Workforce Investment Act (WIA)

The federal Workforce Investment Act (WIA), which superseded the Job Training Partnership Act, offers a comprehensive range of workforce development activities through statewide and local organizations. Available workforce development activities provided in local communities can benefit job seekers, laid off workers, youth, incumbent workers, new entrants to the workforce, veterans, persons with disabilities, and employers.

The purpose of these activities is to promote an increase in the employment, job retention, earnings, and occupational skills improvement by participants. This, in turn, improves the quality of the workforce, reduces welfare dependency, and improves the productivity and competitiveness of the nation. California will receive approximately $454 million from the federal government this year to provide services for adults, laid-off workers, and youth.

Available Services

Title I of the WIA authorizes services for youth, adults, and laid-off workers. Eligible youth must be 14 to 21 years of age, low income, and meet at least one of six specific barriers to employment. A year-round youth program emphasizes attainment of basic skills competencies, enhances opportunities for academic and occupational training, and provides exposure to the job market and employment. Activities may include instruction leading to completion of secondary school, tutoring, internships, job shadowing, work experience, adult mentoring, and comprehensive guidance and counseling. The program emphasizes services for out-of-school youth.

Eligible adults must be age 18 or older. While eligible laid-off workers are generally individuals who have been terminated from their last employment and are unlikely to return to their previous industry or occupation, displaced homemakers and self-employed individuals also may qualify for these services. Adult and laid-off worker services are provided through locally-based America’s Job Center of CaliforniaSM (AJCC), formerly known as One-Stop Career Centers. Comprehensive Job Centers provide access to a full range of services pertaining to employment, training and education, employer assistance, and guidance for obtaining other assistance. While WIA requires Job Centers to provide specific services, local areas may design programs and provide services that reflect the unique needs of their area.

Job Centers use varied strategies in providing the appropriate services to meet the needs of their customers:

  • Core Services are available and include, in part, labor market information, initial assessment of skill levels, and job search and placement assistance.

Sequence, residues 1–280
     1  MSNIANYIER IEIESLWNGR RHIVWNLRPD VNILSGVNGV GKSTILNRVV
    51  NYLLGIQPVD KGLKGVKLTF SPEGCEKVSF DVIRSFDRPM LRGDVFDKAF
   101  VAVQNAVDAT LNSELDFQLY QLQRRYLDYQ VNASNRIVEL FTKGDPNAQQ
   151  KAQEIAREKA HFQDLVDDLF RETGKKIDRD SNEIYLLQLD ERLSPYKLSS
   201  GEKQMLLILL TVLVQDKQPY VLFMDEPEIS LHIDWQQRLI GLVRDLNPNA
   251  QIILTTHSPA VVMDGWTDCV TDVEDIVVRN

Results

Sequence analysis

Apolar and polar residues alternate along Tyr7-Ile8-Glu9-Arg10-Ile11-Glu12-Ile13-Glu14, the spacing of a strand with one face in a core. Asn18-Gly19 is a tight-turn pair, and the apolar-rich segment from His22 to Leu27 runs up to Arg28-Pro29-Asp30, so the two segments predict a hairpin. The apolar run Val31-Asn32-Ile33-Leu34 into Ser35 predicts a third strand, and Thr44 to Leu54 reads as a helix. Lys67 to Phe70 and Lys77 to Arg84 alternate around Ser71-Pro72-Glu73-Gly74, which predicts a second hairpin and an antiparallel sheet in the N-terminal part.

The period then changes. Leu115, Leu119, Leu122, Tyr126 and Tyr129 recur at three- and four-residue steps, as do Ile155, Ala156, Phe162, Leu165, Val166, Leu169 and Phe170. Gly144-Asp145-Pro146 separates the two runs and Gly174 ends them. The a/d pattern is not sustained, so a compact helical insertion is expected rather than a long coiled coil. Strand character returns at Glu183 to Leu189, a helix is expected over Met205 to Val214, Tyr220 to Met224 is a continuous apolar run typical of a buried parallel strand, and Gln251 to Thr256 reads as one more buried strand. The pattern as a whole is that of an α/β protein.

• Intensive Services are available to eligible unemployed individuals who have completed at least one core service, but have not been able to obtain employment, or employed individuals needing additional services to obtain or keep employment that will lead to personal self-sufficiency.
  • Training Services are available to eligible individuals who have met the requirements for intensive services and have not been able to obtain or keep employment. Individual Training Accounts are established to finance training based upon the individual’s choice of selected training programs.

Administration of WIA

The Governor has appointed a State Workforce Investment Board (WIB) consisting primarily of representatives from businesses, labor organizations, educational institutions, and community organizations. The State WIB assists the Governor in designing a statewide plan and establishing appropriate program policy.

The 49 Local Workforce Investment Areas (LWIAs) administer WIA services as designated by the Governor. Factors that are considered in designating these LWIAs include geographic location, population, and commonality of labor market areas. The Chief Elected Official (CEO) of each LWIA appoints a Local WIB with a local membership similar to the State WIB. The Local WIB develops and submits a local area plan to the Governor, appoints local Job Center operators, and selects eligible organizations to provide services for youth and adults. In cooperation with the CEO, the Local WIB appoints a Youth Council that will help establish youth policy for local education and job training.

Benefits of WIA

The activities provided by WIA at the local level offer a variety of benefits to both program participants and the communities in which they reside:

  • Job Seekers
    • Universal access to job search and labor market information
    • Advice, counseling, and support
    • Education and skills training
    • Individual choice of service
  • Youth
    • Basic skills assessment
    • Resources and guidance help to attain educational goals
    • Leadership development opportunities
    • Exposure to work environment through training and adult mentoring
  • Employers
    • Influence over local area employment policy
    • Improved and trained employee pool
    • Development of on-the-job and customized training opportunities
    • Assistance for laid-off workers
  • Community
    • Access to local area job market information
    • Improved workforce quality
    • Services designed for local area needs
    • Reduced need for welfare

California’s Eligible Training Provider List

The California’s Eligible Training Provider List (ETPL) was established in compliance with the Workforce Investment Act (WIA) of 1998. The purpose of the ETPL is to provide customer-focused employment training for adults and dislocated workers. Training providers who are eligible to receive Individual Training Accounts through WIA Title I-B funds are listed on the ETPL.

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